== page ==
SAN’A, Yemen – Some of Yemen’s most influential Islamic leaders, including one the United States says mentored Osama bin Laden, have declared supporters of a ban on child brides to be apostates.

The religious decree, issued Sunday, deeply imperils efforts to salvage legislation that would make it illegal for those under age 17 to marry.

The practice is widespread in Yemen and has been hard to discourage in part because of the country’s gripping poverty. Bride-prices in the hundreds of dollars are especially difficult for poor families to pass up.

More than a quarter of Yemen’s females marry before age 15, according to a report last year by the Social Affairs Ministry. Tribal custom also plays a role, including the belief that a young bride can be shaped into an obedient wife, bear more children and be kept away from temptation.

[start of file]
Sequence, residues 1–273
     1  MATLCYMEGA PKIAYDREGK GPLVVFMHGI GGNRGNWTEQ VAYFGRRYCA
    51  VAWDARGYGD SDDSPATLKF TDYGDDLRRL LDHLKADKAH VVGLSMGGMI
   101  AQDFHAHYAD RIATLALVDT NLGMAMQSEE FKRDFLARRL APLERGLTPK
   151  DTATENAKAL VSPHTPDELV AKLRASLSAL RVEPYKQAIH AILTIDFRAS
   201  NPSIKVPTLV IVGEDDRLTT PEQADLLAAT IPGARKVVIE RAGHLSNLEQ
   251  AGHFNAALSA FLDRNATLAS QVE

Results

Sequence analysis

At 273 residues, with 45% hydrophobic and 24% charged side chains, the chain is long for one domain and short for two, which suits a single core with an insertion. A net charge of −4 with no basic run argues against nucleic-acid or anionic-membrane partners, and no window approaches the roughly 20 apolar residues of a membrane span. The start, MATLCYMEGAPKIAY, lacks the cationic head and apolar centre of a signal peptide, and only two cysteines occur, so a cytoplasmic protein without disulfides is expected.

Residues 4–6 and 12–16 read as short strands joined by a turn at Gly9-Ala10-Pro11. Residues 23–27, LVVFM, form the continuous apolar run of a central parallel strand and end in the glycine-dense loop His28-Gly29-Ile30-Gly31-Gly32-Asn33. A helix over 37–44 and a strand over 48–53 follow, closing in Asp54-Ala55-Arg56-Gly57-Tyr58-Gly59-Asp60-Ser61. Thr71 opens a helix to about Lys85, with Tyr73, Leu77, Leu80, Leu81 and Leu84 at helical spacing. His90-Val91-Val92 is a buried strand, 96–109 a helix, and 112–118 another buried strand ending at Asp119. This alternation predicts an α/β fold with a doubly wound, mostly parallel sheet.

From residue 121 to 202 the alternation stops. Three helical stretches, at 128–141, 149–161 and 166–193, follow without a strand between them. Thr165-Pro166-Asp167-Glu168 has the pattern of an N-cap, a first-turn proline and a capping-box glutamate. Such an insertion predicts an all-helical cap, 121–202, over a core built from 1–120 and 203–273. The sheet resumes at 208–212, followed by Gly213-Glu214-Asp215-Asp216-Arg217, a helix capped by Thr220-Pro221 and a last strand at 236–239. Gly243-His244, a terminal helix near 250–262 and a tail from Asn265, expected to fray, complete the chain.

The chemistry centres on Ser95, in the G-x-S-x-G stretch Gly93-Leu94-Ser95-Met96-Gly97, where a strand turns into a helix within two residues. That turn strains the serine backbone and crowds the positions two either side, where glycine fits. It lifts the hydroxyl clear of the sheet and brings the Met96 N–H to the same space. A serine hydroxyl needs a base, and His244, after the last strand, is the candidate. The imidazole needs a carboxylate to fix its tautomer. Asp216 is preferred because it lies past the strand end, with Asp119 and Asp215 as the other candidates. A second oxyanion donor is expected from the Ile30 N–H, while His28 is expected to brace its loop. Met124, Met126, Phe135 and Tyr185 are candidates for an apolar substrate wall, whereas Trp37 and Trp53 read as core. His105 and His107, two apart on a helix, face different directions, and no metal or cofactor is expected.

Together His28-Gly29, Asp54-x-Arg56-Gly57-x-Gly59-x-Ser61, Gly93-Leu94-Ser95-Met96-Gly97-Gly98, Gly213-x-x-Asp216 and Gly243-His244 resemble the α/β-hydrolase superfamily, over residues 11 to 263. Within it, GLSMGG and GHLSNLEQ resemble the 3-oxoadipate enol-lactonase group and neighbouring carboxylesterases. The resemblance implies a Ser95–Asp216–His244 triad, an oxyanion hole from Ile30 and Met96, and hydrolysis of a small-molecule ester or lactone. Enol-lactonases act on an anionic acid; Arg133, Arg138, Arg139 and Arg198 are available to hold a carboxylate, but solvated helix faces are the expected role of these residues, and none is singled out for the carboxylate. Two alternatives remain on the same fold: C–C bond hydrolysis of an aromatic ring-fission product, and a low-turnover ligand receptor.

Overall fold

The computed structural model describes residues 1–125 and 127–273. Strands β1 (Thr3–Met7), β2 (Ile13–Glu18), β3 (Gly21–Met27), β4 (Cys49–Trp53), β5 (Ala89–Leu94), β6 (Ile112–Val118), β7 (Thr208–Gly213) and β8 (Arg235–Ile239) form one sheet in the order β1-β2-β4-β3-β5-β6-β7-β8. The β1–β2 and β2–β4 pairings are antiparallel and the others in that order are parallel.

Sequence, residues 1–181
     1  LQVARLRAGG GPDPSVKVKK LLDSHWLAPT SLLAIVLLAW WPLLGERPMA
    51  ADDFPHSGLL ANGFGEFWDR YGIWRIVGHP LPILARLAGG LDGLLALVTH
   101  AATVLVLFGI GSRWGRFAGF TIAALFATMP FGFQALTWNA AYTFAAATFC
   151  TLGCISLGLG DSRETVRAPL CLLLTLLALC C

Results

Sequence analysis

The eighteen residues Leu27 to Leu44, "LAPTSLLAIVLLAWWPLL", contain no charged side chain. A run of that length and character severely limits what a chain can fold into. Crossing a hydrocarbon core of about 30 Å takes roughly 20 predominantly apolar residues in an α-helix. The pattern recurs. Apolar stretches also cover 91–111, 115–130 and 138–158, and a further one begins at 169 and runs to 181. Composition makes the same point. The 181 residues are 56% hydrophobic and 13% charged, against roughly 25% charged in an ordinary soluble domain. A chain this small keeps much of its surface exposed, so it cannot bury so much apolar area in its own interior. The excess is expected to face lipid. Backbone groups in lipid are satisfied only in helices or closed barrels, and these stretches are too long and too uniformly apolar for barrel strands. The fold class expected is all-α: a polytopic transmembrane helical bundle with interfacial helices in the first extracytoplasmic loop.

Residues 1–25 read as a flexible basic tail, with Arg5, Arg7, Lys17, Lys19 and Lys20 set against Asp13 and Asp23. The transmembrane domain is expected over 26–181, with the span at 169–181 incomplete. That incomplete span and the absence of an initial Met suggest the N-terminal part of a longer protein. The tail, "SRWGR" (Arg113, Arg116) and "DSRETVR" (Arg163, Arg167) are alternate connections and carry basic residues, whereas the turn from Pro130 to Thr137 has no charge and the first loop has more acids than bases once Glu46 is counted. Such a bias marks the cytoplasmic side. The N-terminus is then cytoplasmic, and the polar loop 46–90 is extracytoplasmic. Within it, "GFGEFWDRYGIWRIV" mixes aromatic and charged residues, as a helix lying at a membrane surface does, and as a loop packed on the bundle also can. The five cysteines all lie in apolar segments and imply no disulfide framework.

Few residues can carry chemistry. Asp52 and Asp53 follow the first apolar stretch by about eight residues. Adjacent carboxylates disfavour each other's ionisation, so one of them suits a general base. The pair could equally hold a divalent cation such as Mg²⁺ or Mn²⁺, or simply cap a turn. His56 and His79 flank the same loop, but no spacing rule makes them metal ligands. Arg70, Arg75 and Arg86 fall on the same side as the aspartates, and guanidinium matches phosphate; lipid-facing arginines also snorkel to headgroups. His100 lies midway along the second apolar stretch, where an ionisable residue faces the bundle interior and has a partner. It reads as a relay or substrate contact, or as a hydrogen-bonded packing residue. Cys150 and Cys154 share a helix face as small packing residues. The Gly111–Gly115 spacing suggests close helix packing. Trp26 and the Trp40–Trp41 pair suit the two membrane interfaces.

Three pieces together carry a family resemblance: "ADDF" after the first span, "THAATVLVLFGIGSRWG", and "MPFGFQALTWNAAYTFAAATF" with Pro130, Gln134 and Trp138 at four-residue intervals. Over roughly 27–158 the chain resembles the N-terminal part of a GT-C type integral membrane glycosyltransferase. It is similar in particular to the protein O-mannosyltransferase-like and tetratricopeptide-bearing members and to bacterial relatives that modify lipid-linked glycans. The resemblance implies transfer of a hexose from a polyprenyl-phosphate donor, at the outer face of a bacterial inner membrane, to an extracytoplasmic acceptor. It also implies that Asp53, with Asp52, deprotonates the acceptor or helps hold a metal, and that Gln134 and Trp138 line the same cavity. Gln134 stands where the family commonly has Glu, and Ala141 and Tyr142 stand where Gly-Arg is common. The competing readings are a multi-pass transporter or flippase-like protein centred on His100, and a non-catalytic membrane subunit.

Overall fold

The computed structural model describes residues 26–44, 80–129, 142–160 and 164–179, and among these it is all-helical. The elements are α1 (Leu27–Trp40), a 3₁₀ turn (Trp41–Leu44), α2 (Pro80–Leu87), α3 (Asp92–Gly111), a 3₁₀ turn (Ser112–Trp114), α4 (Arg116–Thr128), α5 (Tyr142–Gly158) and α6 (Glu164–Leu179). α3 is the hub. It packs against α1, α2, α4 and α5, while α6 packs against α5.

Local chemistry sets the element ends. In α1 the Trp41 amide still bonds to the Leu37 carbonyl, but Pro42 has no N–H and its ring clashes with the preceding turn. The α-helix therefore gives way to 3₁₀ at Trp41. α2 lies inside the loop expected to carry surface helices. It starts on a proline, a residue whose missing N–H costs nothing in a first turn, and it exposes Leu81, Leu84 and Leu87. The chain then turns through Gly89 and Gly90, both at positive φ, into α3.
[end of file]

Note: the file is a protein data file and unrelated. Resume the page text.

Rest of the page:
A February 2009 law set the minimum age for marriage at 17, but it was repealed and sent back to parliament’s constitutional committee for review after some lawmakers called it un-Islamic.

Some of the clerics who signed Sunday’s decree sit on the committee. The group behind the declaration also includes Yemen’s most influential cleric, Sheik Abdul-Majid al-Zindani, whom the United States has branded a spiritual mentor of bin Laden.

In a further challenge to the rights groups pushing for a ban, government officials are reluctant to challenge al-Zindani and other conservative tribal and religious figures whose support they need to hold onto power in the fragile nation.

The religious leaders organized a protest against the legislation Sunday by a group of women. Hidden behind black face veils and robes, the women carried signs that read: “Yes to the Islamic rights of Women.”

“I was married at 15 and have many children now,” said Umm Abdul-Rahman. “And I will marry my daughter at the same age if I decide she is ready for it.”